Tan is always busy, covered in sweat and perhaps a bit dishevelled, but he does not mind that at all. He’s so engrossed in what he does that he literally forgot about himself, always wearing a satisfied smile. Tan believes that cleaning, when done with focus, can also serve as a form of meditation.

What leaves the deepest impression on him are the expressions of gratitude he receives from the passing volunteers each time he tends to his cleaning duties.

"You guys came out of the office and said to me, 'Thank you,' 'Thank you, brother,' 'Take care of yourself, drink lots of water.' Many people said that to me. I feel that it's a very well-mannered organisation, and it touches my heart."

Tan smiled broadly when he shared this joy eloquently until his smile suddenly faded, replaced by a slight choke in his voice as he continued.

For this reason, he has made it his mission to ensure that visitors to the Jing Si Hall are greeted by an ambience that is both tranquil and welcoming. With unwavering dedication, he meticulously tends to the cleanliness of the premise.

In order to clean the floor of the Jing Si Hall, Tan would first arrange the small chairs neatly from front to back, and start wiping from one end to the other. Tan said with satisfaction, "This way, it will ensure thorough cleanliness and leave a good impression on the visitors." At the same time, he told his fellow volunteers that the mop must be wrung out to avoid damaging the wooden floor.

(Photo by Goh Shoo Weng)

Every Tuesday, as he meticulously sweeps the monotonous stairs of the four-storey Jing Si Hall from the top floor down, Tan would see his favourite Jing Si Aphorism displayed on a wall at the ground floor. It reads, "Be more mindful in everything you do”. By cultivating the mind through engaging in activities, one can develop a disciplined mind, thus reducing uncontrollable thoughts and temperamental anxieties associated with perfectionism.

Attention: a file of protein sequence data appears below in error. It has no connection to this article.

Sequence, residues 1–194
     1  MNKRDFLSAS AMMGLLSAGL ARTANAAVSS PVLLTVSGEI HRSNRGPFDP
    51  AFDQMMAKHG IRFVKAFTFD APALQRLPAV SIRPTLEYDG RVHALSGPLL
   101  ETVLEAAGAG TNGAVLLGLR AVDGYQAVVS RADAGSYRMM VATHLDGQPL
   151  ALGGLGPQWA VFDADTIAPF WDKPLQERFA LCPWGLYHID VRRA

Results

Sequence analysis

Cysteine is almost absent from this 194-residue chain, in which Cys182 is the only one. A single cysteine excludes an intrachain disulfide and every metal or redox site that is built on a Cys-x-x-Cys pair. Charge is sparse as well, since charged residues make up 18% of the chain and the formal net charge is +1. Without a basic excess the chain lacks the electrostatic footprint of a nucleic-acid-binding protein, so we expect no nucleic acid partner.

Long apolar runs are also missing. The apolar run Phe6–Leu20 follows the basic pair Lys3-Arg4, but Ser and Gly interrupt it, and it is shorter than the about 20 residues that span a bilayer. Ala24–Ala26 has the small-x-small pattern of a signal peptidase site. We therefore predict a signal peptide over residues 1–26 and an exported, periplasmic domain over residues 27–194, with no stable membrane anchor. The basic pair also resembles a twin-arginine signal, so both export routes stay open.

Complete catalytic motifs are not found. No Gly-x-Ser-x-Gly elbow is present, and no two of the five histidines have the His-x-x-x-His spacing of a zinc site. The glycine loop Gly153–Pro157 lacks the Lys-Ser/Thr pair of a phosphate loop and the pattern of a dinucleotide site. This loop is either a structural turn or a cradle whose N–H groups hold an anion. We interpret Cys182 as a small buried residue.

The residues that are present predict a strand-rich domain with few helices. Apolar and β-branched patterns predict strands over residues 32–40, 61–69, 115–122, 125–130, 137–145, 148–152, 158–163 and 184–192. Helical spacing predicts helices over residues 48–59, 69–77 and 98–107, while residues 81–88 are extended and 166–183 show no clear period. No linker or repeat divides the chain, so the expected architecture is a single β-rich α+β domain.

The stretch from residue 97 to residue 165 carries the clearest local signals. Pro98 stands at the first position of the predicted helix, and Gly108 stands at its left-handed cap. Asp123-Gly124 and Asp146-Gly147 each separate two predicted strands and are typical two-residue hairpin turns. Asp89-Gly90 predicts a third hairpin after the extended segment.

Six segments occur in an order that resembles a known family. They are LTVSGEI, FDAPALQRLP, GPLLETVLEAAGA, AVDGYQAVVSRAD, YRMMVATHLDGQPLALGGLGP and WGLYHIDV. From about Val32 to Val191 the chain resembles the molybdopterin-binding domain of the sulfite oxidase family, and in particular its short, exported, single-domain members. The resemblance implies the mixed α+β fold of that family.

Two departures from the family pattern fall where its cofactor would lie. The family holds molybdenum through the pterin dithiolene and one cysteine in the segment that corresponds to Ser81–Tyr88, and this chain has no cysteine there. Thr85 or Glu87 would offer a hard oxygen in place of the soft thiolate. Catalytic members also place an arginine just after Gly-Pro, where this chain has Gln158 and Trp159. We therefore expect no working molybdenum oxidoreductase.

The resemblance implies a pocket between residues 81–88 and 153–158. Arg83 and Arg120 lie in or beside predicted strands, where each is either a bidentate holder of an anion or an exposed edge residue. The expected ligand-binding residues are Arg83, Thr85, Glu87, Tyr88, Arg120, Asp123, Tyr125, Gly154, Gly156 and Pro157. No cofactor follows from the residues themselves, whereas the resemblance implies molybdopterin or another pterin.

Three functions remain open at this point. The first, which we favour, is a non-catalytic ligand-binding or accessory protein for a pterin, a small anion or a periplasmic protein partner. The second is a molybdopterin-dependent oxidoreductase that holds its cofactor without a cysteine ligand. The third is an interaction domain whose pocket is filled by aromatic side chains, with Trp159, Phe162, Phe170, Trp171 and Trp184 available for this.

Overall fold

After resuming his job as a swimming instructor, 65-year-old Tan prioritises his time for Tzu Chi activities. The former "workaholic", who was once busiest on weekends, now regularly participates in various weekend events such as training sessions, charity home visits and environmental sustainability day, and rarely misses any.  

But what brings Tan the greatest joy is still the time he spends cleaning and wiping in the Jing Si Hall. He said with a smile, "I enjoy the feeling of sweating after 'moving' the most, and the more I clean every day, the better I become!" Behind his genuine and kind smile lies a clarity that emerges after “cleansing” his heart.


Related Articles